Encyclopaedia of Toadstools

Simplified Chinese (Mandarin: China)
Dújūn dàquán
毒菌 dújùn = 'poison fungi'.
大全 dàquán = 'large complete' = 'compendium'.
The Complete Poisonous Fungi
Traditional Chinese (Mandarin: Taiwan)
Dúxùn bǎikē quánshū
毒蕈 dúxùn = 'poisonous fungi'.
百科 bǎikē = '100 subjects' = 'encyclopaedia'.
全書 quánshū = 'complete book' = 'compendium'.
Complete Encyclopaedia of Poisonous Fungi
Doku kinoko hyakka
doku = 'poison'.
きのこ kinoko = 'mushrooms'.
百科 hyakka = '100 subjects' = 'encyclopaedia'.
Encyclopaedia of Poisonous Mushrooms
Vietnamese (Chinese characters show etymology)
Bách khoa toàn thư về các loại nấm độc bách khoa (百科) = '100 subjects' = 'encyclopaedia'.
toàn thư (全書) = 'complete book' = 'compendium'.
về = 'concerning'.
các loại (各類) = 'each kind'.
nấm = 'mushroom'.
độc () = 'poison'.
Complete Encyclopaedia concerning Various Kinds of Poisonous Mushroom
Mongolian (previous)
Хортой хар мөөгний нэвтэрхий толь бичиг
Khortoi khar möögnii nevterkhii tol' bichig
хортой khor-toi = 'having poison'. (хор khor = 'poison'.)
хар khar = 'black'.
мөөг möög = 'mushroom' (genitive case).
нэвтэрхий nevterkhii = 'perfect, complete'.
толь бичиг tol' bichig = 'dictionary, encyclopaedia'.
Complete Encyclopaedia of Poisonous Black Mushrooms
Mongolian (new)
Мөөгний нэвтэрхий толь
Möögnii nevterkhii tol'
мөөг möög = 'mushroom' (genitive case).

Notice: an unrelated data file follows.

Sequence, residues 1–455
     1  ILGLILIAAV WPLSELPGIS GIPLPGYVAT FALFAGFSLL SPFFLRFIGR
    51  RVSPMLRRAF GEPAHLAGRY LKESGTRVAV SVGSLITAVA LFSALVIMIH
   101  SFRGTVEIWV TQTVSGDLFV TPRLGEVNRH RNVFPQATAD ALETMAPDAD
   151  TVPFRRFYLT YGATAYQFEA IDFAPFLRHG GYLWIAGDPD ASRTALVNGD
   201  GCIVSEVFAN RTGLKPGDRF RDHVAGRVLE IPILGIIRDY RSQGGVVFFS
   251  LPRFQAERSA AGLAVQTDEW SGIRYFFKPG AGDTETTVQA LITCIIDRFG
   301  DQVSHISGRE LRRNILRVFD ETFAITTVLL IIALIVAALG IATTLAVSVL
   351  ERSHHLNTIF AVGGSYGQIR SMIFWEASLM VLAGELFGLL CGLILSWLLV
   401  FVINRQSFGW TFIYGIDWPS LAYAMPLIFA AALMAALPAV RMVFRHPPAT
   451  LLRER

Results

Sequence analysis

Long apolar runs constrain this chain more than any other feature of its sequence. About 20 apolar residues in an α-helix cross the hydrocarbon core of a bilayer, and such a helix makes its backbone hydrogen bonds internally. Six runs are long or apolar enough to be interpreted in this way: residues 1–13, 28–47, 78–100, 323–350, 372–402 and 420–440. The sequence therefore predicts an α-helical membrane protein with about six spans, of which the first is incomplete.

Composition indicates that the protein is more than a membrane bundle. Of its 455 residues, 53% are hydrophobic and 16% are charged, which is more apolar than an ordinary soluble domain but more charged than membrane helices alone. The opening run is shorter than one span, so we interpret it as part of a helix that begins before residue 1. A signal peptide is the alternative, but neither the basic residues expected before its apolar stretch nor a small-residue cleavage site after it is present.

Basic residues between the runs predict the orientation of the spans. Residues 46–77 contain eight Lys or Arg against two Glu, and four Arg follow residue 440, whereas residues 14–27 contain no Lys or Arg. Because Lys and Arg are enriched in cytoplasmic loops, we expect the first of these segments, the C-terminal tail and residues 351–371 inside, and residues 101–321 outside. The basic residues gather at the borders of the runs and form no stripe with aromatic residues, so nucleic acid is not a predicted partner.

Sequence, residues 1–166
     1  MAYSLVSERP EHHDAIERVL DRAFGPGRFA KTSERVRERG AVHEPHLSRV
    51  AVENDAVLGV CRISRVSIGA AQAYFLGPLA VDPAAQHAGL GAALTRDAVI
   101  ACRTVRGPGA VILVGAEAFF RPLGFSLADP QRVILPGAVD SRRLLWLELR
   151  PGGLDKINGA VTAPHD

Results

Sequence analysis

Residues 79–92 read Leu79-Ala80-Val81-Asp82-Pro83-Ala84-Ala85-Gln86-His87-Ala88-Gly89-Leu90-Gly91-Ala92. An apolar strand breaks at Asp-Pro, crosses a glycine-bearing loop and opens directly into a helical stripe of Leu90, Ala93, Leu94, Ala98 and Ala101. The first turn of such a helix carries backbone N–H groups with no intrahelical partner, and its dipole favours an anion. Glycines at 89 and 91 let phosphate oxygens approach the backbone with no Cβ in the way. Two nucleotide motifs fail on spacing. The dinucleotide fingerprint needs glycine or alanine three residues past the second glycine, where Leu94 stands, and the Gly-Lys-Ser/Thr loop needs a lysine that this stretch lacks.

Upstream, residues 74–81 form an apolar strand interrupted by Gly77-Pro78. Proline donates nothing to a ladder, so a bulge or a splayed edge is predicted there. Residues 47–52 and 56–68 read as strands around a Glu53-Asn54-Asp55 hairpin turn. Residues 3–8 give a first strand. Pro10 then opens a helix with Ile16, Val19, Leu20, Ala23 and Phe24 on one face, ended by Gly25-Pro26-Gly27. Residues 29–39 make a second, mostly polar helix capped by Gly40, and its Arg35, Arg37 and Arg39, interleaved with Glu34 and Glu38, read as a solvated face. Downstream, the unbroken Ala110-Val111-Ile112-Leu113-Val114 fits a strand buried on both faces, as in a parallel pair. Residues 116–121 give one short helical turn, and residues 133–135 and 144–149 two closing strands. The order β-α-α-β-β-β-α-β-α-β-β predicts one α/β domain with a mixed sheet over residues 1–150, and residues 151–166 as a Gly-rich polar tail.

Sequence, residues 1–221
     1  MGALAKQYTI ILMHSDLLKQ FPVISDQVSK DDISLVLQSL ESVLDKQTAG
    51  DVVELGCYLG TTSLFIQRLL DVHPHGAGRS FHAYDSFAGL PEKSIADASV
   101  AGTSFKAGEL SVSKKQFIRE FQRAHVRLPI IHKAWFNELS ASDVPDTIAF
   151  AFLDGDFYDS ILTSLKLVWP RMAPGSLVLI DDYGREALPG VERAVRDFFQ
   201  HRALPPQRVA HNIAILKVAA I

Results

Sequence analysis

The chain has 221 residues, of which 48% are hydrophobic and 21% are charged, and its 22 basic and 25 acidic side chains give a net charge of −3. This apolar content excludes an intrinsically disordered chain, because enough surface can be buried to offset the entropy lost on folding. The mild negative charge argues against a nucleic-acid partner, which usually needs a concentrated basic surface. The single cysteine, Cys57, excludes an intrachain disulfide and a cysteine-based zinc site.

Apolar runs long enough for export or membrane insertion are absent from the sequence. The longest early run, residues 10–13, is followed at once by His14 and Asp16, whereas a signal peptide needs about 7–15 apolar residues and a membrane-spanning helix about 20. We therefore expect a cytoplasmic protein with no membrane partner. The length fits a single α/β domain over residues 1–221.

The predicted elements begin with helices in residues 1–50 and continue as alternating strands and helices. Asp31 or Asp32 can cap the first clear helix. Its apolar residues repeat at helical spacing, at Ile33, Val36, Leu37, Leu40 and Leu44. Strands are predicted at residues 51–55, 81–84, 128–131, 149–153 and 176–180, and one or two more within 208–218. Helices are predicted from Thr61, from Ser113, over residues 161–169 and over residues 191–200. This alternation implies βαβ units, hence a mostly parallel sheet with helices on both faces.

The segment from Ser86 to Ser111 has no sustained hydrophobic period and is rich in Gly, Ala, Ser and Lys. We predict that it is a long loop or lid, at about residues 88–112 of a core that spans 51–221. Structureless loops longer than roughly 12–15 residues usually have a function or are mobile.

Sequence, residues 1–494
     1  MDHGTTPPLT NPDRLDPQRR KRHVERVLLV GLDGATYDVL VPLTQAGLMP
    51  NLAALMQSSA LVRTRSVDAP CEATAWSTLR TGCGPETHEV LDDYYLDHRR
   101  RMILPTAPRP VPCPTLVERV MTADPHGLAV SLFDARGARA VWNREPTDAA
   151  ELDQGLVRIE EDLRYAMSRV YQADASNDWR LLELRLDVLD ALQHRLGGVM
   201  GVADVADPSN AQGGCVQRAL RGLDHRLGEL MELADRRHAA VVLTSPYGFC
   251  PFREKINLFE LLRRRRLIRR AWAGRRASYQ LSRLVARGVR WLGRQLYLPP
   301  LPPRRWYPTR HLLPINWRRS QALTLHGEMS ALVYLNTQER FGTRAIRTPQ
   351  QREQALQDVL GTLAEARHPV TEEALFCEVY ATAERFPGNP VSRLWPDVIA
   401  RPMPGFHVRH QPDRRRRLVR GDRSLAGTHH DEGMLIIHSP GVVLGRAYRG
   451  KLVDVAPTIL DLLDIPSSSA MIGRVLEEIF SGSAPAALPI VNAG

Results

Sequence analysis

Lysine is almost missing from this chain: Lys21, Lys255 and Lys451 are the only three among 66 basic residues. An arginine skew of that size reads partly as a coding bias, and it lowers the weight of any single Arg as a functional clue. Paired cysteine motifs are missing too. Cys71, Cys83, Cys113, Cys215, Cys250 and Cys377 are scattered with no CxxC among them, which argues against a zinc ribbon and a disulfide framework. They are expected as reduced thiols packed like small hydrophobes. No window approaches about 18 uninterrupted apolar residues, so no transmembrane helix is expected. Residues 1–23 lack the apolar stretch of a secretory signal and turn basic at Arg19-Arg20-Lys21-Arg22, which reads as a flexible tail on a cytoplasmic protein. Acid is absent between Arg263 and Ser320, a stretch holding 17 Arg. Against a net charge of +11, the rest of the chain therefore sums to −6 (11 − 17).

нэвтэрхий толь nevterkhii tol' = 'encyclopaedia'. .
Encyclopaedia of Mushrooms


A mushroom, or toadstool, is the fleshy, spore-bearing fruiting body of a fungus (Wikipedia). There is no objective botanical distinction between what are called mushrooms and toadstools in English, although from the human point of view, there is one vital difference: mushrooms are edible while toadstools are inedible or poisonous. In the magical world, it is a given that an encyclopaedia of fungi will be about poisonous toadstools rather than innocuous mushrooms.

In English-speaking locales, mushrooms tend to be white-coloured fungi while toadstools are colourful and dangerous. The very name 'toadstool' (stool for a toad) suggests something repulsive and unattractive. Globally, however, people eat a wide variety of edible fungi of various shapes and colours. China, in particular, is notable for the variety of fungi that are consumed, although Japanese cuisine also uses a variety of mushrooms (photo here).


CJV languages have a shared tradition of naming encyclopaedias and compendia, which is derived from Chinese.

Category: Magical Plants

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